The Nikon D7000 HDR inquiry comes to me weekly so I’m going to address it right here and a work around to get past its limitations.
The D7000 only does 3aeb in camera with a max jump of 2EV between each frame. For creating commercial quality work, that is insufficient for many scenes. Many landscapes benefit greatly by capturing from -4 thru +4, preferably with only 1 EV jumps. The D200/D300/D300s/D2x/D3/D3s/D3x all bracket this much in camera using the 9aeb and maxing out the EV jumps to 1EV per step. The options are 1/3rd, 2/3rds or 1 full EV jump between each of those frames. Also, you don’t have to do a 9aeb, the cameras (which vary slightly) can do 2, 3, 5, 7 or 9 AEB (aeb= Automatic Exposure Bracketing).
A 9aeb using those cameras and using the full 1EV jumps between each frame will result in (-4, -3, -2, -1, 0, +1, +2, +3, +4). When toning your HDR which was captured with that many shots, you’ll get less noise, less banding, reduced color saturation issues, and fewer hue shifts.
3aeb is only useful in about 20-30% of scenes I’ve encountered when shooting non-cloudy day landscapes. For shooting real estate and architectural interiors, 3aeb is completely insufficient… maybe 10% of interior scenes can be captured properly (hi quality toning) using 3aeb.
About 5-10% of landscapes need even more range captured such as a bracket covering -5 to +5 and for real estate interiors shot on sunny days, about 5-10% of scenes need even more than that range bracketed to fully capture all the highlights and some decent shadow data. These scenes are the ones where the sun is either in frame partially/fully in frame or reflections off of water/glass/metal in important parts of the frame with deep shadows in frame as well.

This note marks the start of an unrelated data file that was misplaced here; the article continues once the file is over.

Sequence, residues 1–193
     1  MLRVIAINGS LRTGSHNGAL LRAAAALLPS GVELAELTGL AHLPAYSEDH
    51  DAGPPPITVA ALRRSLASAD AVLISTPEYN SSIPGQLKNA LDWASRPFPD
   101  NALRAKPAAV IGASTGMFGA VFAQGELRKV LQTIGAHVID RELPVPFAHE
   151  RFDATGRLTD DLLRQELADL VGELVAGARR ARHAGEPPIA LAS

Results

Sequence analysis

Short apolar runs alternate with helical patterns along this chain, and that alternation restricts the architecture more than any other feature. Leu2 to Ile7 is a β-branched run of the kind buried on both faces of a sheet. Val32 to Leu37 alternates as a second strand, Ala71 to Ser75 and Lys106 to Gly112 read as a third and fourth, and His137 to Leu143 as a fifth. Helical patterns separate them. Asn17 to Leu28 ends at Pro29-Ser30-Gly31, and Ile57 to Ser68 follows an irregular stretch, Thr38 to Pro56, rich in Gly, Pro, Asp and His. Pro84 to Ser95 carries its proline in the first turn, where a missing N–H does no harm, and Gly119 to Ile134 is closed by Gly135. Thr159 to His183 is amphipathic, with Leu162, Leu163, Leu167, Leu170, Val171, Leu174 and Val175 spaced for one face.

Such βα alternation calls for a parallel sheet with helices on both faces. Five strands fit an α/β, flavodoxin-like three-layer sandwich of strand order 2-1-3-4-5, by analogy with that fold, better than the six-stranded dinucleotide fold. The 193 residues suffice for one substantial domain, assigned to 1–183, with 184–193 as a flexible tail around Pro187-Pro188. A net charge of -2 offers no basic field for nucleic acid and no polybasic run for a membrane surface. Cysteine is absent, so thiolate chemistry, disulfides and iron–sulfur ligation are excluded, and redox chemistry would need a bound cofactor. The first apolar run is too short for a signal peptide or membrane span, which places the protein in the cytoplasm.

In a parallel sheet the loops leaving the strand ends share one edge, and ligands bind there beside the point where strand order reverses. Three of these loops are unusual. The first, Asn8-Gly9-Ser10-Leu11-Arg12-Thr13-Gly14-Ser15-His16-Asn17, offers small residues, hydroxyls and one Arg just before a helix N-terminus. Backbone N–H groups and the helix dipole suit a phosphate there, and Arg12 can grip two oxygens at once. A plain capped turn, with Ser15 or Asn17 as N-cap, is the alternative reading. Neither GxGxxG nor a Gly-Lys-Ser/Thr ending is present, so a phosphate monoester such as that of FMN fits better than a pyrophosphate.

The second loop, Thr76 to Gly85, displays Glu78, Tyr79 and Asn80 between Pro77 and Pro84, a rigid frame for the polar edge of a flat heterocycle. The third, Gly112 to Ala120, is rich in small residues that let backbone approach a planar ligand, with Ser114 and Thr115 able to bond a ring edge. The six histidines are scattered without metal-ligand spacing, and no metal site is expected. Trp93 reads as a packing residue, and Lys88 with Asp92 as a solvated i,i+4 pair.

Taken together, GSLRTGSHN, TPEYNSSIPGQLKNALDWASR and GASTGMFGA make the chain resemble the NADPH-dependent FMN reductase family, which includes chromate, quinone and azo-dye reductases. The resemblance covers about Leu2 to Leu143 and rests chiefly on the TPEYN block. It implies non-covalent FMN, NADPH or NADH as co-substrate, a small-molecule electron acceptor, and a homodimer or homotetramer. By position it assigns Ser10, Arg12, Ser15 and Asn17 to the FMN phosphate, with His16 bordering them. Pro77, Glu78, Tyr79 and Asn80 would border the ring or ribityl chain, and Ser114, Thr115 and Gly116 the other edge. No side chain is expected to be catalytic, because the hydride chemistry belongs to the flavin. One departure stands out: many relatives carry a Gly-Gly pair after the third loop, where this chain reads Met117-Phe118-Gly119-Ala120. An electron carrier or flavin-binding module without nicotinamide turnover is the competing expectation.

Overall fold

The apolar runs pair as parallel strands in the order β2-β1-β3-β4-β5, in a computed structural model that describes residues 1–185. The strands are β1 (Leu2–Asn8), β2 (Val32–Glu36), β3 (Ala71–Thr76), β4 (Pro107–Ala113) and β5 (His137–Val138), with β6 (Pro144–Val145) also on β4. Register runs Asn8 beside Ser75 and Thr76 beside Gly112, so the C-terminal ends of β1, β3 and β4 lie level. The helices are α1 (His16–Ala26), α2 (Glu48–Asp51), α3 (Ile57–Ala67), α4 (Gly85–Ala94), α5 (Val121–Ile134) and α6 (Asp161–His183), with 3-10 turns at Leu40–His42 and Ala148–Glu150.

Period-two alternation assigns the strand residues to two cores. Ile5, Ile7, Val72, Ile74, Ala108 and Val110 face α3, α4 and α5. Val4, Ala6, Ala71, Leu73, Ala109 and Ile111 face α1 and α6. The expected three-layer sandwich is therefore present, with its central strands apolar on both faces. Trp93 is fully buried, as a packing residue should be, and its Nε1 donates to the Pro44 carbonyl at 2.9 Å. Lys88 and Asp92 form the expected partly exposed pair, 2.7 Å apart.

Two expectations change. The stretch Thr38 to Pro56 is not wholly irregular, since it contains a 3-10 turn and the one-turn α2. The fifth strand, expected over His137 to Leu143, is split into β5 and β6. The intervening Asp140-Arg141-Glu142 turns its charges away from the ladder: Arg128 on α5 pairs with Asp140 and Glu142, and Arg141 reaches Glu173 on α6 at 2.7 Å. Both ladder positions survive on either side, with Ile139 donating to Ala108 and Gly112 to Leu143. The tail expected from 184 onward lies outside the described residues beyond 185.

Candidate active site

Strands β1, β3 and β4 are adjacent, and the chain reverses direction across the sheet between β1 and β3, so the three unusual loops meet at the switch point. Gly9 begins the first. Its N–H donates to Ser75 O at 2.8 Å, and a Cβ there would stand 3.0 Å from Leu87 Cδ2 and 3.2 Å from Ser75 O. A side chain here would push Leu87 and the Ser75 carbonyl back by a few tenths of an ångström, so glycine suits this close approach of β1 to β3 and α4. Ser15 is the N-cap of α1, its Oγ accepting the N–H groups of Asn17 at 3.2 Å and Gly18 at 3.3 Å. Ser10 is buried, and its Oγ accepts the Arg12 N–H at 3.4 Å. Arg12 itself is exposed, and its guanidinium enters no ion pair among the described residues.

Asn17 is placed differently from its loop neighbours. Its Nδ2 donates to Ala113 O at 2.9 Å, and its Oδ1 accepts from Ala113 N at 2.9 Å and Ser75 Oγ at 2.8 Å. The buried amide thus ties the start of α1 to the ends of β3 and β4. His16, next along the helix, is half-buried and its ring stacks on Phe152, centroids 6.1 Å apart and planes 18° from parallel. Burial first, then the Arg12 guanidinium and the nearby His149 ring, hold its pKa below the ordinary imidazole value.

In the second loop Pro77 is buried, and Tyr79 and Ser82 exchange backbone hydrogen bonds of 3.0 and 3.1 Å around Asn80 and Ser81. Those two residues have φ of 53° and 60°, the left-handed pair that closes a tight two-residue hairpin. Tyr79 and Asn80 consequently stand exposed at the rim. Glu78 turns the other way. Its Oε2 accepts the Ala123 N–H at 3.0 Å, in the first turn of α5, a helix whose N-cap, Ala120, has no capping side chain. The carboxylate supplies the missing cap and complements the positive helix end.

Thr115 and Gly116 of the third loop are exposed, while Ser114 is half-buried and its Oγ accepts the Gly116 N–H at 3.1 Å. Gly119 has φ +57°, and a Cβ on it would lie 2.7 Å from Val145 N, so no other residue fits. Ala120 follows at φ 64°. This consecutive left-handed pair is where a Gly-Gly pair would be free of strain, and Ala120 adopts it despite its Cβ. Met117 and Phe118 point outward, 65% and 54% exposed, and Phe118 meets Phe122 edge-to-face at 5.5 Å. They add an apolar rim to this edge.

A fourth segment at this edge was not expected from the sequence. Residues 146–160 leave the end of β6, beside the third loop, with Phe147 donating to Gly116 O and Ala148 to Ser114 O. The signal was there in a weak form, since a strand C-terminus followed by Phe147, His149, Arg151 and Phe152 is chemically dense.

There has been some confusion about the Nikon D7000 -5 to +5 exposure compensation. That feature has nothing to do with automatic bracketing (directly), but it can be used in conjunction with AEB. For example… you can set exposure compensation to -1 and then when you setup AEB using Aperture Priority, then a 3aeb sequence with +/-2EV will shift by -1 (negative 1EV) for each shot taken. So instead of taking lets say a 3aeb at -2, 0, +2…. the AEB will be shifted by -1 EV per shot (off the base of how the camera metered the scene) and the resulting 3aeb would be taken at -3, -1, +1 (again, those numbers revolve around the way the camera metered THAT scene).
Exposure compensation is ignored in Manual mode. That should tell you everything about how it has nothing to do with AEB. AEB works in manual mode because instead of the camera’s metering system deciding the starting point, you determine it in manual mode. You are the metering system in M mode.
Now all that said, you can use exposure compensation in aperture priority mode to work your way through capturing more frames for a wide bracket. But it requires you to touch the camera a few times and it means you might risk moving the camera slightly and won’t be able to align the frames in post. Also, if lighting changes in the time it takes you to change exposure compensation then your frames in post might not all be exactly 1EV step apart. So this works best for sunny days where the sun is not shifting behind clouds.
This is what you could do to get a 9 frame bracket…
- Set up the AEB for 3aeb with 1EV steps.
- Set the shooting mode to continuous (use a wired/wireless shutter release if possible)
- Then start out by setting the exposure compensation to -3
- Fire off a bracket (the AEB will give you -4, -3, -2)
- Move exposure compensation to 0 (zero)
- Fire off a bracket (the AEB will give you -1, 0, +1)
- Move exposure compensation to +3
- Fire off a bracket (the AEB will give you +2, +3, +4)
Its a hack. Some cameras like Canon have C1, C2, C3 dial settings that allow you to do this with one little turn of the dial, I’ve not looked at the D7000 custom functions so there may be an easier way to program it.
In the end Nikon decided NOT to give the D7000 the 9aeb its more expensive cameras enjoy. Canon does the same thing. 3aeb is better than no-AEB, but 3aeb just …. well…. sucks.
By Michael James